The British Chancellor announced this Monday to spend about £68 billion for Budget Responsibility. The money which was handed to him by the independent office has been put to this use probably to cast off the negative reputation created due to the Brexit.
In order to seek reassurance to the voters along with boosting the morale of the MPs, Philip Hammond announced surprise income tax cuts in his budget speech.
He further added in his budget speech that austerity will soon come to an end and that discipline will prevail, emphasizing on the part that UK was now at a turning point in its recovery.
An analysis by the Resolution Foundation, however has found that this will not be the scenario and that the tax cuts will benefit mostly the upper end household, totally neglecting and still affecting the lower and middle class.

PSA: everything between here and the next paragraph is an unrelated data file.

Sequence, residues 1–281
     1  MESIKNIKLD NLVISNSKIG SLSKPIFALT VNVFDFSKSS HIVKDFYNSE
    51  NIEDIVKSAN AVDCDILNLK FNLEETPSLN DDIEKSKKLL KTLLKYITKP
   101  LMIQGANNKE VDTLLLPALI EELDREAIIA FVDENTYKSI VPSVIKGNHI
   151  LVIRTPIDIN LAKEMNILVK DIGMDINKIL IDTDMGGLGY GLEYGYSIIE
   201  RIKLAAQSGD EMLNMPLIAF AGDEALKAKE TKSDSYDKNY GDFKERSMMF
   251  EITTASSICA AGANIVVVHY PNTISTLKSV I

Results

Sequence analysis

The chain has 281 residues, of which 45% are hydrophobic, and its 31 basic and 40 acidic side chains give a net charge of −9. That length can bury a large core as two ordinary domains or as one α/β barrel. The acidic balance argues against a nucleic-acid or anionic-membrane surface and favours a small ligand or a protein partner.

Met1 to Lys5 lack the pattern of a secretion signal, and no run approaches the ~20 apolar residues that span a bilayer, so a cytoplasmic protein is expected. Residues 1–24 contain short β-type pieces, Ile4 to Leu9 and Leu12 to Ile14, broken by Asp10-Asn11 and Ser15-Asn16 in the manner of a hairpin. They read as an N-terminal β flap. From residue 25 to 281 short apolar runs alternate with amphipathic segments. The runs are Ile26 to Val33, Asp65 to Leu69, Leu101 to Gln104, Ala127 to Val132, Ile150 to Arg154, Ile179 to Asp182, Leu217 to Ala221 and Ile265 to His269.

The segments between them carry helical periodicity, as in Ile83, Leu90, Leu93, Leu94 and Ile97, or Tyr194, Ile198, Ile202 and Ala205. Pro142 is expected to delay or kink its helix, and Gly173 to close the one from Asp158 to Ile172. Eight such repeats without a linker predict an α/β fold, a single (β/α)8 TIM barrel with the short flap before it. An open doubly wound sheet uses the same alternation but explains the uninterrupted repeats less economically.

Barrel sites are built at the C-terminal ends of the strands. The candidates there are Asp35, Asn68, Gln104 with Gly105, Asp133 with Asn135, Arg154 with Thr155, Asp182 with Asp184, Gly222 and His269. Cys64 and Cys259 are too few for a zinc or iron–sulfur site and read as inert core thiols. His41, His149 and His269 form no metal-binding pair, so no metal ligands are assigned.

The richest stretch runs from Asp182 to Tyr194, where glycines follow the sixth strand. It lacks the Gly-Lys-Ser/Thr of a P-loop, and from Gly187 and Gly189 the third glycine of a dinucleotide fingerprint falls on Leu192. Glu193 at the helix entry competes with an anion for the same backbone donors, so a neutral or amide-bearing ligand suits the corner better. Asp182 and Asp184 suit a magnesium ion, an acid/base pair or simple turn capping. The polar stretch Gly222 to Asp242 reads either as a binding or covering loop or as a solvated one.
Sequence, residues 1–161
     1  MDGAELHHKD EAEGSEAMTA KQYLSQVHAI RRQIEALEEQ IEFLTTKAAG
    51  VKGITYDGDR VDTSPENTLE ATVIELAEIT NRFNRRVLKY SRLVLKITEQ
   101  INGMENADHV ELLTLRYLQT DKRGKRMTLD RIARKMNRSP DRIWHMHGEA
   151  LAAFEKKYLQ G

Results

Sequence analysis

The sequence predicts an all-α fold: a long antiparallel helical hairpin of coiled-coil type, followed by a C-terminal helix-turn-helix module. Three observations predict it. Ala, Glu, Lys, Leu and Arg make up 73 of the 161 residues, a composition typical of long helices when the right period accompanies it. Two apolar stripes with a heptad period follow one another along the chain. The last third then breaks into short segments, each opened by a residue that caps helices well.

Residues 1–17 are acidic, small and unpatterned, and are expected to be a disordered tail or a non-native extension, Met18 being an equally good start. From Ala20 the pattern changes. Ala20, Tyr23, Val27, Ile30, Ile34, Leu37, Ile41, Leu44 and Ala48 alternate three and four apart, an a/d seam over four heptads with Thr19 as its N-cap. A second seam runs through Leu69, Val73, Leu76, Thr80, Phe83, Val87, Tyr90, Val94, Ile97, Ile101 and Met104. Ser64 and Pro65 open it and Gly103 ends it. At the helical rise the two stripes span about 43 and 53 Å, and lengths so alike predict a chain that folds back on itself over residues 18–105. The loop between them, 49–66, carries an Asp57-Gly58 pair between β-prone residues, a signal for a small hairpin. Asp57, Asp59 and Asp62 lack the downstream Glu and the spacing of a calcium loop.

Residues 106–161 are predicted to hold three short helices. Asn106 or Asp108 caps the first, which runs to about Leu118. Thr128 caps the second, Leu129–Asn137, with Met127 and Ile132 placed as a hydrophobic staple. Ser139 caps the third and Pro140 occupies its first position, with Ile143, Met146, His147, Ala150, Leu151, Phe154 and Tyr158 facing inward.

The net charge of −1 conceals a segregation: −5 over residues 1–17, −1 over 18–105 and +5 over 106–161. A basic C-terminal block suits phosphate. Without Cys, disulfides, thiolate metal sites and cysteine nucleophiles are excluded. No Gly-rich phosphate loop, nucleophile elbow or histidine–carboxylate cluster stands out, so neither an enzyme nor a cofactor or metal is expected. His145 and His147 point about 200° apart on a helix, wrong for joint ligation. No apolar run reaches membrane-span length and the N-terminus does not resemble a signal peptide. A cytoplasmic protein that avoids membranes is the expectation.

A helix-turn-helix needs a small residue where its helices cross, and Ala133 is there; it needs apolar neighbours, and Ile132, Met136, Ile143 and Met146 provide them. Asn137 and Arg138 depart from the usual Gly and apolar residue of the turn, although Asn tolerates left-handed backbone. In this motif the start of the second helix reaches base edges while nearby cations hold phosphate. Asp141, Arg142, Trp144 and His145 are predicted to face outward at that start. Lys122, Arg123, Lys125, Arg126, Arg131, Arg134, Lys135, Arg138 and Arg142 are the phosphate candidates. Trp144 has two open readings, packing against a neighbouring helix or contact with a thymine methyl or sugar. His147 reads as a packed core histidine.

The income tax cut benefits announced by Philip Hammond will be costing £2.7 billion in the next fiscal year. The tax band of 20% will increase from £11,850 to £12,500 from the next year, whereas the tax band of 40% will increase from £46,350 to £50,000 in the next fiscal year.
As a result, 84% of the income tax cuts announced this Monday will benefit only to the upper class households next year, increasing it to 89% by the termination of the parliament.
The director of Think Tank, Torsten Bell said the budget announced is certainly a welcome nurture to the universal credit and that there has been a radical shift in the approach of the government towards the public finances.
Mr. Bell further added that the budget would rather ease things up instead of austerity coming to an end real soon and that the budget presented on Monday was much easier for the Chancellor than any other which was expected but this will proceed with much more tougher choices in the future.
Source: The Guardian, Independent